Dawn; sunny; the air pollution index
only one hundred in a million;
the ocher track beckons, sparks interest.
I am still. I do not breathe too deeply.
I jog easy, listening. The world and
my body—in out, in out, thud, thud, thud.
It was on the third lap, I noticed them.
Two Chinese girls walking, happy frolic,
uniforms brisk and red and white glowing,
their long black hair gleams and streaming purple,
floats, shining everywhere till one, the taller,
signals to God, looks skyward, open hearted–
She says, “Thank-you Creator for this day.”
She bends and looks skyward with squinted eyes,
whips long locks trailing; arches her being,
her long arms and hands, and touches God’s face,
the universe, and the small world tingled
her touch lovely, consecrated, sacred.
On the quiet fifth lap I know she knows.
I breathe deeper now; they are sitting
on the inside lanes–back to back, within
each self in quiet peace, soothing escape,
soft whist closed eyes, rocking, resting, timeless,
loving each, giving each, woman presents.
I do not look’ I want to give more of
this singular peace to them; they whose
spirit cups are filled overflowing with air,
sky and sun cool in the broken morning
before the heated chaos, noise, fervor,
the wet wringing day of thinking people.
I envy them: their womanhood glowing,
their closeness—their touching backs—and closed eyes,
their slow rocking side to side—Oh—their hands!
As one lays her open palms, the other knows
and lays her open palms atop—touches—connect.
They stop time. They celebrate
life in solitude and share.
OK, so I haven’t had a chance to blog at all because I have been busy learning how to do lesson plans and teaching Grades 3-8 in this huge public school in Jiaxing, China. Internet access to western sites is erratic at best, so I don’t know how long I will be able to connect with my blog before being disconnected.
So far my China experience has been awesome. The people have treated me so well here. I have the support of all the teachers even though they know I have never taught before. I am learning like crazy and while the first day or so was absolutely a pressure-cooker, I think I have gotten a handle on this teaching thing.
The food here is amazing. It is far better than western food because it isn’t so processed. The pork you buy from the butcher (if you want to call a roadside thing set up a butcher), is better, the peanuts are absolutely amazing, and generally, while you don’t always know exactly what you are eating, it tastes good. The only bad food experience I had was in the school cafeteria. I choose something that looked good, and it was chicken! OK, I can eat that, until I saw the chicken foot poking out of the mass of food. The visual thing was too much. I couldn’t touch it. I think I have eaten rabbit.
The first week was a little adjustment to my intestinal system but I am ok now. The toilets are different but apparently that is the healthy way to go . . . if you know what I mean. I have kept up with my novel, which I hope to finally detail out when I get back to Canada. OH, and things are cheap, cheap, cheap, here! That’s always a good thing. The students work hard, as do the teachers.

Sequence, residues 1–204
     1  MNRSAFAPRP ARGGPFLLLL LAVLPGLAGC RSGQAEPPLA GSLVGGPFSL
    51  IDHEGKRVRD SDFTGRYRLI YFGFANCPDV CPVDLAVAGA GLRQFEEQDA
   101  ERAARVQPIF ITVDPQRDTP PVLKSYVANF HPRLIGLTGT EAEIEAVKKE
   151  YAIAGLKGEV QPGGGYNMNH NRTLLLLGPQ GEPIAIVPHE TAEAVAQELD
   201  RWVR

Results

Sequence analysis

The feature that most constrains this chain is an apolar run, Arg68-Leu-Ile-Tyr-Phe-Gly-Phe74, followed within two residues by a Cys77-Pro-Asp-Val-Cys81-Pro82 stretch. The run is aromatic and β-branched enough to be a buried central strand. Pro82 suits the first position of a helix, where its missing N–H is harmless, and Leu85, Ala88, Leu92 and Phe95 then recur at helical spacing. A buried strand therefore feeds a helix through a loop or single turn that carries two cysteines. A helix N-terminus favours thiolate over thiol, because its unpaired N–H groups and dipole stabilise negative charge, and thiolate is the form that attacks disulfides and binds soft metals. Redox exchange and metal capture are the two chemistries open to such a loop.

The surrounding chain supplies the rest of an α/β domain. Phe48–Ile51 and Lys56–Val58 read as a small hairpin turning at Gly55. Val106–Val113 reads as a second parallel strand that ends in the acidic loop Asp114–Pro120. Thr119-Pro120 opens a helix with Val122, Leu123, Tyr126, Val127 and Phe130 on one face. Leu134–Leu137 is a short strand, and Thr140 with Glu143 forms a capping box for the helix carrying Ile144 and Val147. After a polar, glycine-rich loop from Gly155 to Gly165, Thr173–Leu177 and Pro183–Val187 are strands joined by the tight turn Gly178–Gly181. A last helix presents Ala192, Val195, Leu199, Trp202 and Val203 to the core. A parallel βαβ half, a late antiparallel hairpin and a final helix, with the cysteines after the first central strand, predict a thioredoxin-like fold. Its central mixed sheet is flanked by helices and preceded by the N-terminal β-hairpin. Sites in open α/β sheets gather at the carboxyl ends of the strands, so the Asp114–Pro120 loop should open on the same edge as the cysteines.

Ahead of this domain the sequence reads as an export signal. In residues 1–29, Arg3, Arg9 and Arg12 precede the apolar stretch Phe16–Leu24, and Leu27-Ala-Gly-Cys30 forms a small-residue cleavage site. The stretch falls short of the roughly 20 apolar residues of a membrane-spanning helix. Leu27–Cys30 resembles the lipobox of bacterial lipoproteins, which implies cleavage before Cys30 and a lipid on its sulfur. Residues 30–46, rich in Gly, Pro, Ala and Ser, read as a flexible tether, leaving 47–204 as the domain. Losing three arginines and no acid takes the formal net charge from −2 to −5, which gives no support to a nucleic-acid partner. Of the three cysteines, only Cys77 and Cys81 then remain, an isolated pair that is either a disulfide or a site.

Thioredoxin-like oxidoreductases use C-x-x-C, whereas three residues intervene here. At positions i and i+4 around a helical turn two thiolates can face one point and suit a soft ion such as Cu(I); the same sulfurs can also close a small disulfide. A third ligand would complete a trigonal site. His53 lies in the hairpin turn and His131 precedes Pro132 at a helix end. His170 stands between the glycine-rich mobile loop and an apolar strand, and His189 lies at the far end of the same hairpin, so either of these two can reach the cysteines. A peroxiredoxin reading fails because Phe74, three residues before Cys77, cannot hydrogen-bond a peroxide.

You must be getting tired of all this poetry. I’ve been involved with a poetry group which requires me to write a poem now and then, so I’d publish them as a way of keeping them collected. The new thing is China. I have picked up a contract to teach English over there. I’ll be teaching middle school children and I hope the kids will be gentle with me. I’m approaching this with a positive attitude (really important), and with a view toward experience and creative prose in mind. Hemingway used to travel all over just to get ideas for a story or book. China, for me, will hopefully spark new ideas toward my current novel or something new. Of course, my main thing will be to teach the kids English. Mandarin is the same as English in terms of sentence structure, that is, it works “subject, verb, object”, just like English, but unlike English, the verb is much simpler. While English has many verb conjugations, Mandarin is much simpler. For example, English has a total of 12 possible verb tenses, while Mandarin has 3, at least, that’s the way I understand it so far. Anyway, I fly out Aug. 28 and will immediately be submerged culturally and linguistically. Have I been learning Mandarin? Well, no, or perhaps a little, but my focus is on my writing so that’s what I’ve been concentrating on. I figure I’ll learn Mandarin when I’m over there. Wish me luck . . .
from light to night,
juggling odd jobs,
day to day and
cent to dollar.
Earl’s aim strives for
a piece of land.
Hardship hewn he
shares a conscious
open palmed gift,
good people of
Now workforce numb,
that fateful eve
A peaceful ease
holds as Earl slips,
tools still in hand
passes from sweat,
to noble sleep.
a pearl sinking,
A red sunset
of prairie dust
friends tepid with
wisdom. Dreamy thoughts fade,
rawhide hands hold cold steel
to put bread on the list
of things to do beyond
the real call of duty, and so
it is not really surprising
that when one said, one bad glance he
asking for it, got a Boom!
Through salt spinning slit mist sharpened water,
I spied the rage ragged cliff of Lazo.
She spits spin-drift fury, dazzled temper
Slaps my face, thrusts her frothing breast aglow,
Heaving, pitching, tossing, hearing old-time
Shanties, stories beguiling fathers’ sons.
She creeps, and my fine cutter shakes the sign
Of those who went before, over done
By fate or chance or some mistaken part.
Bravely, she plunders over jaded chance,
Fearless, I hold her reins close to my heart,
Quiet, I feel the brooding time and glance,
Overboard, my heart jolts, she’s cracked like thunder,
Heart breaks, ashen faced, I sail her under.